Interviews

Podcast: UN Catch-Up Dateline Geneva - episode 6

In addition to the week’s main news headlines focusing on President Biden’s potentially massive boost to global cooperation, we’ll be hearing from Myanmar, where the UN is helping to tackle child labour.

Plus, insight from guests Solange Behoteguy-Cortes and Alpha Diallo…thanks for listening! 

Audio -
14'23"

Migration chief calls for all displaced to be included in national COVID-19 vaccination plans

The head of the UN migration agency, IOM, is strongly advocating for governments everywhere to respect the “fundamental right of healthcare” when it comes to ensuring vulnerable migrants and the displaced get equal access to COVID-19 vaccines.

In an interview for UN News, António Vitorino wants migrants to be included in all plans. The agency's Yasmina Guerda, began by asking the Director General to outline the overall impact of the pandemic on migrants and the displaced.

Audio -
6'2"

Many Tigray refugees entering Sudan with nothing but their clothes: UNHCR 

Nearly 60,000 people from Ethiopia’s volatile Tigray region have now crossed the border to remote southeastern Sudan, after more than two months of fighting, many with just the clothes on their backs. 

The emergency has created a massive protection challenge for the UN refugee agency in SudanUNHCR, which is doing everything it can to provide what they need, as spokesperson Axel Bisschop tells UN News’s Daniel Johnson. 

Audio -
6'6"

State of the Planet: Pandemic slows efforts to adapt to climate crisis

The COVID-19 pandemic is likely to hamper the efforts of developing countries to adapt to the climate crisis. This is the analysis of UN climate mitigation expert, Dr. Henry Neufeld.

Dr. Neufeld warns that, whilst the pandemic should have allowed governments to invest more use of green technologies, and bounce back stronger than before, there is little evidence so far that this is happening.
 

Audio -
11'58"

Migration will continue to rise, despite pandemic, says UN official

Migration is part of the modern world, and it is not going away despite a COVID slowdown, a UN official has told UN News.

Jorge Bravo from the UN Department of Economic and Social Affairs (DESA), explained to Conor Lennon from UN News that the longer-term trend is showing an increase in the numbers of people leaving their countries of origin to live elsewhere.

Audio -
10'5"

Podcast: UN Catch-Up Dateline Geneva - episode 5

This week’s show features the week’s news headlines, an interview with the World Food Programme (WFP) on the poorest of the poor in Madagascar, some of whom are eating mud and leaves to survive, and insight from regular guests from the UN Geneva team, Solange Behoteguy-Cortes and Alpha Diallo.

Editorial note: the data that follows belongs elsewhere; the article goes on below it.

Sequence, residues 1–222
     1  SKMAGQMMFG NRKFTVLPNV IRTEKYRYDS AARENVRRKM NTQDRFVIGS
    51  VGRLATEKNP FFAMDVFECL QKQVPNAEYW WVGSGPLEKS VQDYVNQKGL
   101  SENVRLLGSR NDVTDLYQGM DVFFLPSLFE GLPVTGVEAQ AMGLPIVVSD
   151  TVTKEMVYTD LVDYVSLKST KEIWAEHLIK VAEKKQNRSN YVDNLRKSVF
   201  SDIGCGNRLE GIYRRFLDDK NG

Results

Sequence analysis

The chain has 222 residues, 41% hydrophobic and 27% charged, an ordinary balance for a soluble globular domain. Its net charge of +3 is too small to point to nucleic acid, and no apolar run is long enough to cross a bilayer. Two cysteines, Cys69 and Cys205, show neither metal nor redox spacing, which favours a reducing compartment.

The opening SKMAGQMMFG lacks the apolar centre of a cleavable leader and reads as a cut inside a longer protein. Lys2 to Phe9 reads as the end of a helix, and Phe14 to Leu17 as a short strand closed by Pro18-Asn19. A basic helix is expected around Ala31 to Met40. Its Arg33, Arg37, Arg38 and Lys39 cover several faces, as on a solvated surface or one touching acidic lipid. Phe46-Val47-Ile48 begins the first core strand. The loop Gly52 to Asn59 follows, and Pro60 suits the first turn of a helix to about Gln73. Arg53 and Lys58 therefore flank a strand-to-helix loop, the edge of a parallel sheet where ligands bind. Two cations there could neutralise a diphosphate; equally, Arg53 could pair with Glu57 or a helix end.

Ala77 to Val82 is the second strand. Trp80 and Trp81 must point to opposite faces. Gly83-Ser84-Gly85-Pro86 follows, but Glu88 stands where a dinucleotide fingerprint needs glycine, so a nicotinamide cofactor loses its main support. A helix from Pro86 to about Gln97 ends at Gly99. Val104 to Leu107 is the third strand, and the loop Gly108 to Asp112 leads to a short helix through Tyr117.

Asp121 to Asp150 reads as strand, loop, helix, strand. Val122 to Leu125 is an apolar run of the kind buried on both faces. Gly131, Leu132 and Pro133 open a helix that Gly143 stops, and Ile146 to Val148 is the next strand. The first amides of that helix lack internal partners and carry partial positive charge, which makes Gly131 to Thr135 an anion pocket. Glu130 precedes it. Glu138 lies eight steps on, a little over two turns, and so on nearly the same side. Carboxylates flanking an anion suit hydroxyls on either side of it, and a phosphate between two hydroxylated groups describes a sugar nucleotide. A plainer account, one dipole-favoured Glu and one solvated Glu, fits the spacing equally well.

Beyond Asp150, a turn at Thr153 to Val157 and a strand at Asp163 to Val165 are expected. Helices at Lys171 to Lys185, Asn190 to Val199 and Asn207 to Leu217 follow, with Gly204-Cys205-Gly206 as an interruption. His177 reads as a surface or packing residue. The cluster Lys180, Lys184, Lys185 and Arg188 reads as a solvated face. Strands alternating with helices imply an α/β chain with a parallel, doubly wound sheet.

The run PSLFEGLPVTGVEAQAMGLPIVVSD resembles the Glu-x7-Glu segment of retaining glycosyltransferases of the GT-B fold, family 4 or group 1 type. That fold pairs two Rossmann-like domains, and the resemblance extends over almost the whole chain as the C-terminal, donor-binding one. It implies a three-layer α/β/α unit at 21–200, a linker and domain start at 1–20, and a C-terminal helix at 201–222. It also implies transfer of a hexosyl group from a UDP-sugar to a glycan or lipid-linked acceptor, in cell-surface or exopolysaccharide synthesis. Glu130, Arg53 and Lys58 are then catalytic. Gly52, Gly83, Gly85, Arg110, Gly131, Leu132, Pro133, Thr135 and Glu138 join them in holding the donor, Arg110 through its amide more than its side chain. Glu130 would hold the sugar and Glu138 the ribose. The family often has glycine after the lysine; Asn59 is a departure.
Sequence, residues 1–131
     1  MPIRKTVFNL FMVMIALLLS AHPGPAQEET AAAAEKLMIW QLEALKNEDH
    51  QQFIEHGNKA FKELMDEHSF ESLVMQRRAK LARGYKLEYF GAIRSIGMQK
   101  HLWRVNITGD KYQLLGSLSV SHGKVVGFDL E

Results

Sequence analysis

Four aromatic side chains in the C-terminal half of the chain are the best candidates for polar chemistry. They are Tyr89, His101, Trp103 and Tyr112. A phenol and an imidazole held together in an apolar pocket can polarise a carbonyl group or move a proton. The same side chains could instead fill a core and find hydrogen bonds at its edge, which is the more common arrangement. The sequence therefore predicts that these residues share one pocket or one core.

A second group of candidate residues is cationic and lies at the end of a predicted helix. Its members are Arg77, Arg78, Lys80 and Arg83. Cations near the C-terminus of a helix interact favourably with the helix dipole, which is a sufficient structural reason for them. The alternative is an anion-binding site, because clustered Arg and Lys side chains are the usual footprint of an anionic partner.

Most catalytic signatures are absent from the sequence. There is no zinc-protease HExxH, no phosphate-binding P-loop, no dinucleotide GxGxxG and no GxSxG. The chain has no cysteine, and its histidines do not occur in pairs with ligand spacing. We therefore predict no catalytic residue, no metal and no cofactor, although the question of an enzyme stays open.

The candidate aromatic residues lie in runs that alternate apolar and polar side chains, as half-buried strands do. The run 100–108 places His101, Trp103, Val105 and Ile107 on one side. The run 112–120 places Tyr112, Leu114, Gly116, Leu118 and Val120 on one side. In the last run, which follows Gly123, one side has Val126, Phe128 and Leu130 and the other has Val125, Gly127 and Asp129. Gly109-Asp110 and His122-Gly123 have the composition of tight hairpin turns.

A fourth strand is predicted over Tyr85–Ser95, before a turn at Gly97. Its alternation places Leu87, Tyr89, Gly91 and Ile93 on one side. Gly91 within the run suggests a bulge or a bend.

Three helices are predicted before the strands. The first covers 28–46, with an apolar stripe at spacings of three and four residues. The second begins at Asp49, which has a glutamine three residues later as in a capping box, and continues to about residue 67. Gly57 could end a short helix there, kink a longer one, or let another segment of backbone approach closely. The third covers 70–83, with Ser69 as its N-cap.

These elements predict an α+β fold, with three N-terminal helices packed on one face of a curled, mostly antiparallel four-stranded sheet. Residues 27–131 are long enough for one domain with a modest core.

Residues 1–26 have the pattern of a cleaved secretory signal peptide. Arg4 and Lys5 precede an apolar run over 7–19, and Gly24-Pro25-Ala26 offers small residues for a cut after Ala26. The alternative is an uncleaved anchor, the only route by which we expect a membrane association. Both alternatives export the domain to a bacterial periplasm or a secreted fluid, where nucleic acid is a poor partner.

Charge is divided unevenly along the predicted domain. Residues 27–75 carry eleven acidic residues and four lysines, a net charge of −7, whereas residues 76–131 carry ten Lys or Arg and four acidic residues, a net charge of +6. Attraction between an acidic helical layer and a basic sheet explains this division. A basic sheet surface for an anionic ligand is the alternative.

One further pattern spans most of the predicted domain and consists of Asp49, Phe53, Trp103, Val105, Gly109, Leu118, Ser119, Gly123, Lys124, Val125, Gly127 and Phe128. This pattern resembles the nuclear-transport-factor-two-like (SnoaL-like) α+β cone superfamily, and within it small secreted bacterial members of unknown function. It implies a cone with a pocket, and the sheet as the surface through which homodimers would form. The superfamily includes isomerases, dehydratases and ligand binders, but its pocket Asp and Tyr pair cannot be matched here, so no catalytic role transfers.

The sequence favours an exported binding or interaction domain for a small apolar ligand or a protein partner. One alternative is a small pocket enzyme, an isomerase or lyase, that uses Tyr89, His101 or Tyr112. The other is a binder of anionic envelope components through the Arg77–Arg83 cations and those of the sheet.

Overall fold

Audio -
15'10"

World in ‘much better place’ to fight desert locust scourge – UN’s FAO

Compared to last year, everything is in place to successfully fight the devastating desert locust swarms that have been threatening food supplies and livelihoods across the Horn of Africa region, according to the senior UN Food and Agriculture Organization (FAO) official, in charge of forecasting the pest’s movements.

Charlotta Lomas spoke to Keith Cressman, who said that $80 million was still needed to control the scourge, through the coming months.

Audio -
12'57"

State of the Planet: Natural ways to cope with climate change

What progress is the world making in adapting to the changing climate? And can nature itself provide the answers? This is the focus of the first episode of the UN Environment Programme’s (UNEP) State of the Planet podcast.

Valerie Kapos, from  the UNEP’s World Conservation Monitoring Centre, discusses the findings of the latest UNEP Adaptation Gap report with host Tim Albone.

Audio -
15'8"

After drought and failed harvests, people of Madagascar reduced to eating mud 

After years of drought, and with what little the people of Madagascar have managed to grow, destroyed by flashflooding, more than 1.3 million are in crisis - and some are even eating ground-up clay just to survive.  

In an interview with UN News’s Daniel Johnson, WFP’s regional director for southern Africa, Lola Castro, explains how the UN agency is helping by empowering communities to withstand future climate shocks

Audio -
11'14"

‘Not one country has the homeworking policies we would like to see’: ILO official

Homeworking has necessarily exploded since the COVID-19 pandemic took a grip on the world, from around 260 million people in 2019, to some 580 million in 2020.

A new ILO report, released on Wednesday, lays out the penalties paid by those now having to work from home, which include higher health risks, lower wages, and social isolation.

Sergei Soares, a labour economist at the ILO,  explained to Conor Lennon from UN News that the impetus behind the report was the fact that very few countries have ratified the ILO’s Home Work Convention.

Audio -
11'51"